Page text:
1) Finding file information using extensions
A common way to analysis the detail of a file is using the extensions of the file. Extension is a set of characters at the end of the file name separated by the final dot(.) from the filename.
Example: In a file with name “dolphin.jpg”, dolphin is the name of file whereas jpg is the file extension which tells the file type is actually a image/jpeg file.
Using extensions detail to find file info
In linux based systems the filetype info through extension is stored on location /usr/share/misc/magic as a structure whereas same information can be found on windows registry at HKEYCLASSESROOT subtree.
Given below is the part of linux filetype structure:
Advantage of using these sources is reliability as they are stored by operating system default itself and its also easy to use and handle across different programs.
The issue with getting dependent on file extension is that extensions are a convention that are not enforced by the file system or OS. A user can change a extension and the file can still be used by programs.
2) Finding file information using magic number
Much reliable way to find any file details can be using Header signature of a file.
Typically file header contains metadata about the file to help a software application validate the file content is correct or not, load the data and view or process the data. Header signature or also called magic number typically are at the start of the file and allows a program to initially determine if the file is valid by first checking presence of number.
Often quoted example is JPEG byte sequence 0xFF 0xD8 0xFF 0xE0, appear as the characters ÿØÿà when JPEG file viewed in a hex/ASCII editor.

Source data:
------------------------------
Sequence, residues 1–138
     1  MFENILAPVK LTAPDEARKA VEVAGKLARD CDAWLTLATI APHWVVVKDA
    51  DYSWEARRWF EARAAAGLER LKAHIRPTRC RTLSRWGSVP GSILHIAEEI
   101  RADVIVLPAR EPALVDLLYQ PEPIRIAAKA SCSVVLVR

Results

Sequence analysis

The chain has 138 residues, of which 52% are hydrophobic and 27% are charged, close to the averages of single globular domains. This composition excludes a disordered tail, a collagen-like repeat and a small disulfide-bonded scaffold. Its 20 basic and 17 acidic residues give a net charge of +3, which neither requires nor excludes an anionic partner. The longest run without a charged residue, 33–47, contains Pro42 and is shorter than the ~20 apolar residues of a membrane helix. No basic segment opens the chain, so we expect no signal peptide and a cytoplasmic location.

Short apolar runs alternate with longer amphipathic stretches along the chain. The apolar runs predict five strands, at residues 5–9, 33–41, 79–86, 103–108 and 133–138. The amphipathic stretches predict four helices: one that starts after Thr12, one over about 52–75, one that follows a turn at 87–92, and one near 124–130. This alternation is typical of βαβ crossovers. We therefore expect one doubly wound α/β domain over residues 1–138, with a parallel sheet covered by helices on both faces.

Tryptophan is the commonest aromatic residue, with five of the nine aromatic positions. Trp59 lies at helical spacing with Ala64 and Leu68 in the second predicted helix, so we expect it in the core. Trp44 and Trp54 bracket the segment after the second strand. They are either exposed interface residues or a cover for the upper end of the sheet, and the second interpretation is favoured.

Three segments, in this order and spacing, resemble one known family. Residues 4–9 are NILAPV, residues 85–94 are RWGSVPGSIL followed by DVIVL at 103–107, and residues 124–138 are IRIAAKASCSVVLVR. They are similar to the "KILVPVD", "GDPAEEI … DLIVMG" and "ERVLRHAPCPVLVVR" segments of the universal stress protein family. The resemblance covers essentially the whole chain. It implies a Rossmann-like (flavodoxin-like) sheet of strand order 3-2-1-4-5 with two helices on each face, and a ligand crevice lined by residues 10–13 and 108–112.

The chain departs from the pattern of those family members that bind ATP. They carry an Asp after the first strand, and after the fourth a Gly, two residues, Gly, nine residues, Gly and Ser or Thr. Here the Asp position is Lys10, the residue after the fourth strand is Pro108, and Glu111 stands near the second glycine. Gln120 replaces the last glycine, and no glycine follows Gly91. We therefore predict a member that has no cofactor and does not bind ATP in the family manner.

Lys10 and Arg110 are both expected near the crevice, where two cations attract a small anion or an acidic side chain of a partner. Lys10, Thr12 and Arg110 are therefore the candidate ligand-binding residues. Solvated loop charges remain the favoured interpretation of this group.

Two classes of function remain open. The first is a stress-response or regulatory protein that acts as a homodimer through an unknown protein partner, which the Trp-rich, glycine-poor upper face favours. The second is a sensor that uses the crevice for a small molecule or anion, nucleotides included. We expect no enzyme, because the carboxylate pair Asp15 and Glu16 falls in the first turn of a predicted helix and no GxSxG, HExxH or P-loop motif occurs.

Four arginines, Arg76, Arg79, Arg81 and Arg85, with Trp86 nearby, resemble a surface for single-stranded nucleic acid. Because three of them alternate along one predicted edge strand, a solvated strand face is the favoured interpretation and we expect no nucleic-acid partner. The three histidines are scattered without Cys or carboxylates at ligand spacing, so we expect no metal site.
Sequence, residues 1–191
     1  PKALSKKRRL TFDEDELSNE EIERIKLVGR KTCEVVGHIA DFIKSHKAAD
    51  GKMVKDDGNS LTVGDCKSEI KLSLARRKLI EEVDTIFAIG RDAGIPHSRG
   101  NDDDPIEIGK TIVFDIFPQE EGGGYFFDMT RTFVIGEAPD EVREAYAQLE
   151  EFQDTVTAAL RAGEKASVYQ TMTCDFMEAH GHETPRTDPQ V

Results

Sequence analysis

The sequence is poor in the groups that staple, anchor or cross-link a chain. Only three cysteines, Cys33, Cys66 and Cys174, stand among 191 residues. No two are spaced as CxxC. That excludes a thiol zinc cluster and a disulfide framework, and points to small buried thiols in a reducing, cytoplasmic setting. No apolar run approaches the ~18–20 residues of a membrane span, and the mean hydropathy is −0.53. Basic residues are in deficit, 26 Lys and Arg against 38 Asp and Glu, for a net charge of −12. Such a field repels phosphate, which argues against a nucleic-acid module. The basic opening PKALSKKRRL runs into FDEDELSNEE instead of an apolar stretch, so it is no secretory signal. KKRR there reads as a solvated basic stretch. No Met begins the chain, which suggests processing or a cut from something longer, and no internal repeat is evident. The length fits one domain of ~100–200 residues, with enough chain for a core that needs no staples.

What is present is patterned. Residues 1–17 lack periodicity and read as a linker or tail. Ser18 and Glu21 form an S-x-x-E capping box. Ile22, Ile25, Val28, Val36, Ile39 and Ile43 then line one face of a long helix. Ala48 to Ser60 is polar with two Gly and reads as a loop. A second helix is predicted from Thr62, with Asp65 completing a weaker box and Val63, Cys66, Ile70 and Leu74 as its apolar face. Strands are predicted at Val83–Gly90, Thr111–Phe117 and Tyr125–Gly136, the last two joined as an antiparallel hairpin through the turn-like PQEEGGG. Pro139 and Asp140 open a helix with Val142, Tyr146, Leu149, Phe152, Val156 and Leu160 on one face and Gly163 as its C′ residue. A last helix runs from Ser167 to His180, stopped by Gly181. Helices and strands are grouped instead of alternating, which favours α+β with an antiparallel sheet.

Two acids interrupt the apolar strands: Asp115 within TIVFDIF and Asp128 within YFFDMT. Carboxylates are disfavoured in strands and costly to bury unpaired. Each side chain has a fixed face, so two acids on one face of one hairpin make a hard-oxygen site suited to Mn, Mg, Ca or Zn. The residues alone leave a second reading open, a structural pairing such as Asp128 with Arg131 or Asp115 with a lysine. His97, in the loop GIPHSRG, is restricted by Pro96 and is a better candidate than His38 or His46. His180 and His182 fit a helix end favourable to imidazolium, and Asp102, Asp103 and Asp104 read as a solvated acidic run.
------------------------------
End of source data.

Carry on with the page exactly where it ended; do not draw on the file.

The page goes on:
Using these magic number has advantage over using file extension as these number produce accurate result of file type. Manipulating these number will result the file to be not identified by application that will process it.
Using magic number to find file info
You can get hexadecimal magic number of a program using any hexeditor tool in linux or windows system. For example in linux system you can use xxd as you hex editor.
Once you find the magic number you can compare them with the magic numbers of different format.
You can also use file command (which exatly done the same to find the file
type using magic numbers).
3) Finding file information by analysing the contain inside the file
Most of the file we deal in real are text based(containing ASCII characters).
A text based file can be analysed by looking at its content.For example for programming files we can look at the header at the starting of code to find the programming language used. All programing code has includes at the starting of program in their defined format or have shebang ‘#!/bin/program’ at the start.
#include<stduo.h> C/C++ #!/bin/bash Bash executable file #!/bin/sh sh executable #!/bin/perl perl program #!/bin/ruby ruby program <?xml version="1.0" encoding="UTF-8"?> xml file etc
For configuration file we can look for the syntax type used by common
formats like yml,ini or xml.
For example we can look for name=value field in case of ini config files.
These header are processed by programs to find how to treat these file or
through which compiler to run these file. Hence they are mostly included in
fix formatted files and we can use them to get desirable file info.